Why this asset is due for a fresh decade-long boom

KKR's Jeremiah Lane shares insights from what we've seen so far in the credit markets, and what may be to come.
Hans Lee

Livewire Markets

If equity investors crave appreciating share prices, then credit investors long for great yield while taking as few risks as possible. 2022 was not one of those years for either asset class. But could 2023 be the start of a fresh bull run for investors who have been left in the doldrums due to central bank policy?

Jeremiah Lane of KKR argues that even though yields have fallen slightly, they remain at very attractive levels.

"We think spreads seem fair - they're not incredibly wide but they're not incredibly tight. They appropriately reflect the fact there is still uncertainty in the economy," Lane tells me.

In the high yield market, the income opportunity is even larger with Lane explaining that the returns are at the high end of trends we've seen in the last ten years.

All this is happening as the question over a US-led global recession remains up in the air and some major money managers continue to hold an underweight call on risk positions. 

In this, the first of a brand new trio of Expert Insights, Lane shares his views on the credit market's early performance so far and where he thinks the multi-year opportunity will come from.

Note: This series of videos was taped on Wednesday February 8th 2023.


LW: How have credit markets started 2023?

Lane: I think that the credit markets have started the year strong. When we started the year, we were looking at available yields in the bond market of around 9% and available yields in the loan market around 10%. And they've both come in a bit to start the year, but we still see the market as very attractive. 

When you look at the market based on spread, based on available yields and based on price, we think that spreads seem fair. They're not incredibly wide, but they're not incredibly tight. They appropriately reflect the fact that there's some uncertainty in the economy, but when you look at the available yields and the available prices, they're actually quite attractive.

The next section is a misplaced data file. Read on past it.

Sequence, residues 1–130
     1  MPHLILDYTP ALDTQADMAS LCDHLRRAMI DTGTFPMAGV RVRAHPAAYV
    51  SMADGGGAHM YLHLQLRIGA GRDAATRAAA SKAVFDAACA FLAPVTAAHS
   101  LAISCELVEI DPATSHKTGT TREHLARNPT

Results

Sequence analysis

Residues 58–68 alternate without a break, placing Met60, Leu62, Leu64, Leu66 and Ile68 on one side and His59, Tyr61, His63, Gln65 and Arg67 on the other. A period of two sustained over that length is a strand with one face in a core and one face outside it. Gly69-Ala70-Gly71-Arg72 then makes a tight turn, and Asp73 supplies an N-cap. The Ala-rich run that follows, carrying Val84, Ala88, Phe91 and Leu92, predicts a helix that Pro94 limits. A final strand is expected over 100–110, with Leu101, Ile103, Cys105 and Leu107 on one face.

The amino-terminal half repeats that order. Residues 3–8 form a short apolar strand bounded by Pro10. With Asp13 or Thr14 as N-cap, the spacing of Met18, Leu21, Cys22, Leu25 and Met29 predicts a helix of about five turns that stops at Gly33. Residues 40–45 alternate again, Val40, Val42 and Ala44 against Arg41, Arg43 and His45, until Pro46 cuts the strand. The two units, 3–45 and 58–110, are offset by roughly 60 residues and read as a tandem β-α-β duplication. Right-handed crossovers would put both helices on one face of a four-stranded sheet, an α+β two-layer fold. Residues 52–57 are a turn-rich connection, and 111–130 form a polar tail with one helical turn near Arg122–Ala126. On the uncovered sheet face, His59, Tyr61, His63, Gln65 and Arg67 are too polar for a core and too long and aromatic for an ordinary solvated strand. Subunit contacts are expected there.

And the yields that we can get in the high yield market today are top decile. Over the past 10 years, there have been moments where you could get a bit more yield, but certainly not a lot more.

There have been moments where you could enter these markets at lower dollar prices, but not a lot of moments. And so we think it actually sets up pretty nicely and we think that you can earn a fair return and we think that there's enough excess return that you're protected in case there's some economic uncertainty as the year progresses.

LW: What effect did rate hikes have on valuations?

Lane: The changes in the Fed last year were massive and they were a persistent headwind for the market. When you go back and look at forecasts that were coming out in January of 2022, most economists were calling for three, maybe four interest rate hikes over the course of 2022. Fast-forward to the end of the year and we had multiple individual meetings where the Fed was raising rates by 75 basis points in that one meeting. 

The market was really off offsides at the start of the year, and there was a really huge adjustment that took place over the course of the year, and that was a very persistent headwind. That was really why we saw the high yield market sell off as substantially as it did. People continuously were playing catch up.

On the loan side, the response was more muted. Loans have much less interest rate sensitivity embedded in the product. As the fed raises rates, loans get more income, their floating rate. But we did see some pressure on loan prices that really stemmed from the CLO market. And in the CLO market, CLOs borrow a lot of money from banks and over the course of the year, as the banks took losses in their government bond books and their investment grade bond books, they had less capital to allocate to new CLOs.